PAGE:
Who would have expected a toilet to one day filter water, charge a cellphone or create charcoal to combat climate change?
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These are lofty ambitions beyond what most of the world's 2.5 billion people with no access to modern sanitation would expect. Yet, scientists and toilet innovators around the world say these are exactly the sort of goals needed to improve global public health amid challenges such as poverty, water scarcity and urban growth.
Scientists who accepted the Bill & Melinda Gates Foundation's challenge to reinvent the toilet showcased their inventions in the Indian capital for a week during March 2014. The primary goal: to sanitise waste, use minimal water or electricity, and produce a usable product at low cost.
Global annual cost
The World Bank estimates the annual global cost of poor sanitation at $260 billion, including loss of life, missed work, medical bills and other related factors. India alone accounts for $54 billion – more than the entire GDP of Kenya or Costa Rica.
India is by far the worst culprit, with more than 640 million people defecating in the open and producing a stunning 72 000 tons of human waste each day — the equivalent weight of almost 10 Eiffel Towers or 1 800 humpback whales.
Pooping in public is so acceptable that many Indians will do it on sidewalks or in open fields. Gaze out the window of any Indian train and face a line of bare bottoms doing their business on the tracks. Meanwhile, diarrheal diseases kill 700 000 children every year, most of which could be prevented with better sanitation.
"In the West, such things are a nuisance, but people don't lose their lives," said Christopher Elias, president of global development at the Gates Foundation. "People don't immediately realise the damage done by infections coming from human waste."
India has been encouraging rural communities to build toilets, and last year launched a $1.6 billion program to help. But building sanitation systems in developing countries is not easy. Flush toilets are not always an option. Many poor communities live in water-stressed areas. Others lack links to sewage pipes or treatment plants.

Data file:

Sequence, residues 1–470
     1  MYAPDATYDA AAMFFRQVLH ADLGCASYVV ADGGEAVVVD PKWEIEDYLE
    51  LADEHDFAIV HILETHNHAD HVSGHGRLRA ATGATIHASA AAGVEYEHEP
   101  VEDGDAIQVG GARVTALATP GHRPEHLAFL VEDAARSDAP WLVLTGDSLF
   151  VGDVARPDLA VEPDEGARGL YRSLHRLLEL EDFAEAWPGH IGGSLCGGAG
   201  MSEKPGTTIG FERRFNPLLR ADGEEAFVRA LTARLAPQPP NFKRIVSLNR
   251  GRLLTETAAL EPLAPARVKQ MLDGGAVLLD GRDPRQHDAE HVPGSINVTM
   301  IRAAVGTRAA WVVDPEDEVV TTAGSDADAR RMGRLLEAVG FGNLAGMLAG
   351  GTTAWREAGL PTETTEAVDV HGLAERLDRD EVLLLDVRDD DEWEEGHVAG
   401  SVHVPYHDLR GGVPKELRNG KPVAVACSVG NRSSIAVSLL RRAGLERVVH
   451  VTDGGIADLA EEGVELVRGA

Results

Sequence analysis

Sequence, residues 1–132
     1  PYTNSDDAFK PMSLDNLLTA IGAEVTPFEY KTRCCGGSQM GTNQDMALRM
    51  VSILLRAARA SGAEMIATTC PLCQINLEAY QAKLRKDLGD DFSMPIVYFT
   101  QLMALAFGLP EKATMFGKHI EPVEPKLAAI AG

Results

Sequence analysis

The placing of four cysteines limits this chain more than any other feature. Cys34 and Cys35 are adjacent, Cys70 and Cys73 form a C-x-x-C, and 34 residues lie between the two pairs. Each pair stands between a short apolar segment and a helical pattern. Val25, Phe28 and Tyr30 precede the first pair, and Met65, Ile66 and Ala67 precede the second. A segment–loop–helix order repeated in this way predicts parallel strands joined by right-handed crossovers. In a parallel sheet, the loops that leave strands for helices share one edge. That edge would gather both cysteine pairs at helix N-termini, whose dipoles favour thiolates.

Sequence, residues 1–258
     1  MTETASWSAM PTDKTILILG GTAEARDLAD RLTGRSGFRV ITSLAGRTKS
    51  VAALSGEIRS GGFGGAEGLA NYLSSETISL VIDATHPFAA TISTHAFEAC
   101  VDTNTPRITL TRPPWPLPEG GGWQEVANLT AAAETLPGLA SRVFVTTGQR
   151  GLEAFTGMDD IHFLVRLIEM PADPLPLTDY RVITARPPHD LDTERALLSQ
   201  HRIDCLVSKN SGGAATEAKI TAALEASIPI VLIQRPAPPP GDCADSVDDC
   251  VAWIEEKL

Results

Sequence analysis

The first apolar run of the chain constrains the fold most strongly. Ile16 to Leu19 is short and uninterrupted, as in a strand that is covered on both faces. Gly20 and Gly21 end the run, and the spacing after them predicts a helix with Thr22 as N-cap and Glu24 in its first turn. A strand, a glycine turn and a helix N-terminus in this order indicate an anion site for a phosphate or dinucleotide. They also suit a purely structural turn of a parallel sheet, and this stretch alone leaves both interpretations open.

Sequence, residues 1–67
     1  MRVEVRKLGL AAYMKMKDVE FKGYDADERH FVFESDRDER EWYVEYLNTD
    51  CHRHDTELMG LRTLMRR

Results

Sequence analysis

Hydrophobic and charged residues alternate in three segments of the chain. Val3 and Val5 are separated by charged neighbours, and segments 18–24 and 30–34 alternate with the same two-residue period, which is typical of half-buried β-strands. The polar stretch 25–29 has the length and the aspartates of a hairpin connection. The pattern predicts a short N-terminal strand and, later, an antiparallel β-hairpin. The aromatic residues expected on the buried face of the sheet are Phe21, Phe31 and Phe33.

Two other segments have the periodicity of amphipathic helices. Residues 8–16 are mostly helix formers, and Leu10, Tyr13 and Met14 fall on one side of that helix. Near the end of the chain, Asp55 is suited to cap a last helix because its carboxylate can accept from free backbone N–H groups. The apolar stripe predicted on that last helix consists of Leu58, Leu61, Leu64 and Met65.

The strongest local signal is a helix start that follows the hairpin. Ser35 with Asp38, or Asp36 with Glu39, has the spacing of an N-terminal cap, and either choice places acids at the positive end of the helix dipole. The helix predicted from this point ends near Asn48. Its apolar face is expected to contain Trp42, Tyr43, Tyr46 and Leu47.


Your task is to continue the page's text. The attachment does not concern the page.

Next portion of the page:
To be successful, scientists said, the designs being exhibited at the Toilet Fair had to go beyond treating urine and faeces as undesirable waste, and recognise them as profit-generating resources for electricity, fertiliser or fuel.
"Traditionally, people have gone into communities and said, 'Let's dig you a pit'. That's seen as condescension, a token that isn't very helpful. After all, who is going to clean that pit?" said M. Sohail, professor of sustainable infrastructure at Loughborough University in the UK.
All the designs are funded by Gates Foundation grants and in various stages of development.
Some toilets collapsed neatly for easy portability into music festivals, disaster zones or illegal slums. One emptied into pits populated by waste-munching cockroaches and worms.
One Washington-based company, Janicki Industries, designed a power plant that could feed off the waste from a small city to produce 150 megawatts of electricity, enough to power thousands of homes.
The University of the West of England, Bristol, showcased a urine-powered fuel cell to charge cellphones overnight.
Another team from the University of Colorado, Boulder, brought a system concentrating solar power through fibre optic cables to heat waste to about 300 degrees Celsius. Aside from killing pathogens, the process creates a charcoal-like product called biochar, useful as cooking fuel or fertilizer.
"At the core are really interesting scientific principles, so translating this into scientific advances that people can relate to is really exciting," said one of the project leaders, Karl Linden, professor of environmental engineering in Boulder. "Biochar is an important subject for scientists at the moment, since it can be used to sequester carbon in the soil for 1 000 years or more."
A team from Beijing Sunnybreeze Technologies Inc. also brought a solar-biochar system, but with the solar panels heating air that will dry sludgy human waste into nuggets that are then heated further under low-oxygen conditions to create biochar.
"We are trying to build a system simple enough to be fixed in the village," technical adviser John Keating said.
One company from the southern Indian state of Kerala was not as concerned with providing toilets as with cleaning them. Toilets are more common in Kerala than they are in much of the country, but no one wants to clean them, said Bincy Baby of Eram Scientific Solutions.
"There is a stigma. The lowest of the low are the ones who clean the toilets," Baby said. Eram's solution is a coin-operated eToilet with an electronic system that triggers an automated, self-cleaning mechanism. With 450 prototypes now looped into sewage systems across India, electrical engineers are lining up for jobs as toilet technicians. "Now, they're proud of their jobs."
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